Chef Yair Feinberg has fingers in many pots that create the culinary stew of today’s Tel Aviv. The Israeli native of Kibbutz Ein Hashlosha is not only a chef who has cooked in Michelin-decorated restaurants in France and Italy, but also an entrepreneur who created a business importing cooking appliances to Israel, a culinary celebrity known for T.V. work, an educator who gives cooking workshops and an unofficial ambassador of all things culinary who leads visiting chefs and tourists on tours of Tel Aviv markets.
When asked to describe the Tel Aviv food scene, Yair says that Israeli food is pronounced and strong, like the Israeli people and that the country’s food offering is shaped by not only the immigrants that bring their native dishes to Israel, but also the Israelis who travel and import ideas from other countries. Yair credits the vibrant young chefs who take their grandmother’s immigrant recipes and make them with the freshest possible ingredients and up-to-date cooking techniques for creating what is being called Modern Israeli Cuisine.
Although he likes many restaurants and claims tourists can find much food to enjoy in Tel Aviv, Yair recommends a few special spots to anyone wanting an overview of Tel Aviv’s best.
In his own words:
The commercial and cultural center of Israel, has more to offer than just sun and sea. A flourishing gastronomic culture assures that you’ll never go hungry in the city that never sleeps. Here are a few of my favorite places:
4 Hashomer St. (near the entrance to Carmel Market)
Wine bar par excellence by Chef Maoz Alonim and Itay Hargil. Everything about the place transports you instantly to Barcelona or Madrid. The place can be quite crowded sometimes but that only adds to the cozy ambience. It is not uncommon to rub shoulders with fellow customers or even start some friendly conversations. Chef Maoz Alonim is a wine expert and that may explain the more than 250 wines in stock. Not a place for elegant dining, but definitely worth frequent returns. These talented chefs start the day with some shopping at the market itself and slowly build their menu from the day’s find. Other chefs love to hang out here at the end of their day’s work. They wine and dine like there’s no tomorrow.
84 Ben-Zvi Road (ground floor of Panorama Building)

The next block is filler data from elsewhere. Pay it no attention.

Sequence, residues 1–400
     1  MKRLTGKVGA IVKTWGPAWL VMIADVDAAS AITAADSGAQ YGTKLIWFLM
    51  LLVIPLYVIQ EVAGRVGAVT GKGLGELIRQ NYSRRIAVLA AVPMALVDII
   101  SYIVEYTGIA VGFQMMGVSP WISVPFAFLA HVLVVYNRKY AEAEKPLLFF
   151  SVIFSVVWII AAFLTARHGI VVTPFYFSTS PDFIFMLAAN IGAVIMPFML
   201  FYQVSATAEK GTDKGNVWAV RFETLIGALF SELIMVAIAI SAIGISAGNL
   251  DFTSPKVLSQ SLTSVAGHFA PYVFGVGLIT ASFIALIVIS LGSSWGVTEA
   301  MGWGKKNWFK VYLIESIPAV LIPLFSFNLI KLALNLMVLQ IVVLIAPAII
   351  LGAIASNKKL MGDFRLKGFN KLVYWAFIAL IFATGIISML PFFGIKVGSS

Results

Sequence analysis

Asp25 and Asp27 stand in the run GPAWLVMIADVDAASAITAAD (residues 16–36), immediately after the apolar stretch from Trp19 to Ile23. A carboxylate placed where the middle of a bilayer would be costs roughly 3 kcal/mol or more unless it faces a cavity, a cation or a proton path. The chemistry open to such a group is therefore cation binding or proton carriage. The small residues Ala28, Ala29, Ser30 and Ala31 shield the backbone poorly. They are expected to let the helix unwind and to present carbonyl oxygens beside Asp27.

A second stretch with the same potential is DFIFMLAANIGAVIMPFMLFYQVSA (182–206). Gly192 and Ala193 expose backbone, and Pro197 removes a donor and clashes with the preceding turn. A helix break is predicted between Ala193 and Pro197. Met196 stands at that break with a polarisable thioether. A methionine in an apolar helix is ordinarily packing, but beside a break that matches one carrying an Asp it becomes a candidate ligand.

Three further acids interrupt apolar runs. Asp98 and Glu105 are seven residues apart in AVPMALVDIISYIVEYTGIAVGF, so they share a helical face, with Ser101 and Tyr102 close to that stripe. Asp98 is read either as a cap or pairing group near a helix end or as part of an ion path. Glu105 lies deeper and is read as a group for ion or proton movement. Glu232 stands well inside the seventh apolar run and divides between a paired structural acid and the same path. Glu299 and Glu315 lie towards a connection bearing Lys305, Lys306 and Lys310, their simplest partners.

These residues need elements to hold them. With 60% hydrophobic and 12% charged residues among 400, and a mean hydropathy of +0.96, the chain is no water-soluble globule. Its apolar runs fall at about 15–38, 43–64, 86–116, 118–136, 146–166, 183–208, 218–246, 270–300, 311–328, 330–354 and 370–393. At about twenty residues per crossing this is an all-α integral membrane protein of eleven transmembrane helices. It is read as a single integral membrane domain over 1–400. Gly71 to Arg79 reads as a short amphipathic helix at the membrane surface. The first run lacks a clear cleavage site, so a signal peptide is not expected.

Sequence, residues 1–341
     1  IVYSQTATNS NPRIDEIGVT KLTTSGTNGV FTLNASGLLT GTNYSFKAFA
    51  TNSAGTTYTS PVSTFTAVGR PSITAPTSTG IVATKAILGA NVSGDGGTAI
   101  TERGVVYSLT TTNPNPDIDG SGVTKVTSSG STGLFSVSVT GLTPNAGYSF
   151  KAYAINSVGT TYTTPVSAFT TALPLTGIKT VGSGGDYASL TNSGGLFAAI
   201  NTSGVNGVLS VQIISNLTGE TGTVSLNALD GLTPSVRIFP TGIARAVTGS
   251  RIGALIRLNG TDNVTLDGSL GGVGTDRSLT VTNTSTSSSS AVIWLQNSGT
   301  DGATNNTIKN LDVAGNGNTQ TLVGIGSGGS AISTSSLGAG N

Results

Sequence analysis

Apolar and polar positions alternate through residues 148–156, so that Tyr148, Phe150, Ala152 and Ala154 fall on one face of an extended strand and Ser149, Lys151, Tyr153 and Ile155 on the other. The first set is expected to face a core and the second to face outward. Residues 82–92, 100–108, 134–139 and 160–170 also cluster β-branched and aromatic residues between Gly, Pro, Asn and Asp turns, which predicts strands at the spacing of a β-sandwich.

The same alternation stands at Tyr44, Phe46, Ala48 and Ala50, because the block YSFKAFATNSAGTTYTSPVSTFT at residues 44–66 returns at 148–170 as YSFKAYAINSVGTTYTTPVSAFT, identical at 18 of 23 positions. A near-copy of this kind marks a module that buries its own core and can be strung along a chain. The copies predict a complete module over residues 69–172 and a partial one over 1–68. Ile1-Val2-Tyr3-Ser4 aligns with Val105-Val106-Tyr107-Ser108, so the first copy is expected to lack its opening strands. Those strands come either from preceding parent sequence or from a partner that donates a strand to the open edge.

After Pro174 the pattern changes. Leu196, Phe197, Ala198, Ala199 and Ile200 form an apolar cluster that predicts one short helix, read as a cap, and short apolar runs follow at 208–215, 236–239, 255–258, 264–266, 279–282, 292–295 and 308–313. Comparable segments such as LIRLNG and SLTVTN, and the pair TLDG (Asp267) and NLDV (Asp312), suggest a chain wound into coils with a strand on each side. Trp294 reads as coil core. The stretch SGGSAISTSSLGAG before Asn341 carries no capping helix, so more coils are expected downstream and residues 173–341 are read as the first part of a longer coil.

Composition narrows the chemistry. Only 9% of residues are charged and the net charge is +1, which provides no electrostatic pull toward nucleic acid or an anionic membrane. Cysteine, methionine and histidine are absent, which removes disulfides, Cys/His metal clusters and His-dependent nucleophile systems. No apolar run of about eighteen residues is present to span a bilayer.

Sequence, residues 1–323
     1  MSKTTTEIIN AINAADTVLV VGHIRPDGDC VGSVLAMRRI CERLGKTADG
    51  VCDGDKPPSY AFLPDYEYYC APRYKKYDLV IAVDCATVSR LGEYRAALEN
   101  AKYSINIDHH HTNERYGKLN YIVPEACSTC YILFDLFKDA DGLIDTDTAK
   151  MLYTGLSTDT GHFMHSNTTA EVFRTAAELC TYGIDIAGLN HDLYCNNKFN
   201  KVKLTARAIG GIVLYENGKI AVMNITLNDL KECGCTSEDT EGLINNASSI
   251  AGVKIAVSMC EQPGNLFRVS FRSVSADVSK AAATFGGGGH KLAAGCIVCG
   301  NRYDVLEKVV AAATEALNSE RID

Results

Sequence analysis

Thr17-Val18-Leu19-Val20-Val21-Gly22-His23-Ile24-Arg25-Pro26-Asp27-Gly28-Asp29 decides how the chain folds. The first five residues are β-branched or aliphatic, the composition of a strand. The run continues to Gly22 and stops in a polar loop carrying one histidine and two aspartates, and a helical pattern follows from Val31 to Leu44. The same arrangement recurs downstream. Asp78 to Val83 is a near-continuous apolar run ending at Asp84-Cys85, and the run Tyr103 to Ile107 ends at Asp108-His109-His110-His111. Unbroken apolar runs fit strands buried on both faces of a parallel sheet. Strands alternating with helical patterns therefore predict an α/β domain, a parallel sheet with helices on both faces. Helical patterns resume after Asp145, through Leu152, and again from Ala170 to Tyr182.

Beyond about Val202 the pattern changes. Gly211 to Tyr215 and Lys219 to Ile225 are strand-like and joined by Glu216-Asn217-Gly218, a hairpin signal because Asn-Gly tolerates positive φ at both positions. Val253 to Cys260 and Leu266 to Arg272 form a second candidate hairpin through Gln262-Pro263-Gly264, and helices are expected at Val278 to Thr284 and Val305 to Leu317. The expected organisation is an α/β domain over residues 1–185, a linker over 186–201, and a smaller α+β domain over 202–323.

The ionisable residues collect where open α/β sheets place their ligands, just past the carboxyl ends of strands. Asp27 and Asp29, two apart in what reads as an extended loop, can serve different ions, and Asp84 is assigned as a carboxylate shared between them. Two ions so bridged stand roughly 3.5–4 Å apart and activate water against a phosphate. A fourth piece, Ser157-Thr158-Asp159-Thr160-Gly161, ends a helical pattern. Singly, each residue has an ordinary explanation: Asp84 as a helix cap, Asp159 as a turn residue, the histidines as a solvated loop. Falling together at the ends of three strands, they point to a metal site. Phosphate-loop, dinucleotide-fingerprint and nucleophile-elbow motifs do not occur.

Authentic middle eastern-oriental steakhouse that serves traditional Bukharin dishes with excellent, or perhaps even the best, shawarma in town. They also have an open salad bar and freshly baked pitas. The place is usually packed with waiting customers. A treat you should not miss if you want an authentic Israeli dining experience. Kosher.
Hummus Abu Marwan
129 Yeffet St., Jaffa
Most loved hummus on Jaffa’s main street, Yefet. Abu Marwan hummus, I promise you, is the real deal. The chickpeas are to die for. Abu Marwan’s masabacha can rival even that of the fabled Abu Hassan. The hummus is usually served with mini falafel balls and salad but what you should ask for is the grilled eggplant with tahini and lemon. Your Tel Aviv culinary experience wouldn’t be complete if you miss this joint.
182 Ben Yehuda St.
Definitely, my favorite bar/restaurant in Tel Aviv. A bustling bar restaurant. Sharon Cohen is both chef and owner and it shows. For five years now, he consistently maintained this place, giving his personal touches with great success. A very modernist cuisine with the best that the Mediterranean has to offer. Sharon uses only the freshest ingredients and marinates them in his pool of creativity until you get a meal that both surprises and delights.
86 King George St.
Relatively new bar/bistro, but already packed with eager customers. Described as a happy ‘levant’ kitchen or as having that special mix of Tel Aviv-ian bistro and Jerusalem-ite ‘Mahane Yehuda’ joint. Two young talented chefs from the finest restaurants in Tel Aviv (one of them is Yishay Malkov, who used to manage Gordon Ramsay’s ‘Claridges’ in London) set up shop here and are already attracting an audience. The place has a chilled-out atmosphere that is warm, inviting and unpretentious. They serve really good food that is made by people who know their stuff.
57 Nachalat Binyamin St.
The best bistro in town, if you ask me. The second restaurant by one of Tel Aviv’s most respected chefs. Unlike the upscale and classic Catit, the atmosphere here is more relaxed and the food contemporary, but still maintains the same high quality that has been Chef Adoni’s trademark. The menu is minimal, but the food isn’t. This is a place that really defines dining out in Tel Aviv.
43 Levinsky St.
This is the place to try Turkish burekas, a classic Israeli snack that is both affordable and filling. Traditionally from the Balkan, it has a crispy, flaky, melt in your mouth crust while inside it can be filled with any of the following- cheese, spinach, spiced mashed potatoes, mushrooms and even chopped meat. If there is a burekas landmark in Tel Aviv, this is it! Penso has been serving amazing Turkish baked goods for 80 years and is managed by the 3rd generation of the Penso family from Turkey. You can choose three different types of pastry doughs – regular, flaky and phyllo. I highly recommend eating your burekas with a glass of Aryan, a traditional Turkish yoghurt drink similar to Indian lassi—a winning combination.
The newly renovated Tel Aviv Port is bustling with energy. Beside the restaurants and shops that have sprouted there is a farmer’s market. Very different from the crowded and noisy Carmel market, the farmers’ market offers artisanal breads, meats and farmhouse cheeses, fair trade olive oils, vinegars, coffee and loads of fresh and mostly organic agricultural produce (picked that very same morning). Almost everyone gives free tasting. Don’t miss the locally brewed beers and boutique wines. It is a colorful and interesting showcase of some of the very best that Israel’s gastronomy has to offer. Open every day but highly recommended to visit on Tuesdays and Fridays.